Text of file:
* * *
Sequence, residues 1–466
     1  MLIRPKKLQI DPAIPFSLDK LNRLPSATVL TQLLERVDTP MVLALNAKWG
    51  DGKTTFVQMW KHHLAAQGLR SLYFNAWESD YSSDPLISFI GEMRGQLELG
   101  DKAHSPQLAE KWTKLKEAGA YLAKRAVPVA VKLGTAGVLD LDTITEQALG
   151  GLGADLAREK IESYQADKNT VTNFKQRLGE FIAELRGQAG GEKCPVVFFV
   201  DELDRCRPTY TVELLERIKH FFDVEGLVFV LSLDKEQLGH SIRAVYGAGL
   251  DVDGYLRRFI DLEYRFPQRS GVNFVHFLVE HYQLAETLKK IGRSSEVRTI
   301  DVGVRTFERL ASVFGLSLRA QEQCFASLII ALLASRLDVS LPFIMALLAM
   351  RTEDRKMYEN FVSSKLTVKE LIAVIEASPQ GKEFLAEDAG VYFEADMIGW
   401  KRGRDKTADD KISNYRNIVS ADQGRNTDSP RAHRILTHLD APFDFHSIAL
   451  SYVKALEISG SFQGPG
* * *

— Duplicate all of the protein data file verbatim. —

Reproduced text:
Sequence, residues 1–466
     1  MLIRPKKLQI DPAIPFSLDK LNRLPSATVL TQLLERVDTP MVLALNAKWG
    51  DGKTTFVQMW KHHLAAQGLR SLYFNAWESD YSSDPLISFI GEMRGQLELG
   101  DKAHSPQLAE KWTKLKEAGA YLAKRAVPVA VKLGTAGVLD LDTITEQALG
   151  GLGADLAREK IESYQADKNT VTNFKQRLGE FIAELRGQAG GEKCPVVFFV
   201  DELDRCRPTY TVELLERIKH FFDVEGLVFV LSLDKEQLGH SIRAVYGAGL
   251  DVDGYLRRFI DLEYRFPQRS GVNFVHFLVE HYQLAETLKK IGRSSEVRTI
   301  DVGVRTFERL ASVFGLSLRA QEQCFASLII ALLASRLDVS LPFIMALLAM
   351  RTEDRKMYEN FVSSKLTVKE LIAVIEASPQ GKEFLAEDAG VYFEADMIGW
   401  KRGRDKTADD KISNYRNIVS ADQGRNTDSP RAHRILTHLD APFDFHSIAL
   451  SYVKALEISG SFQGPG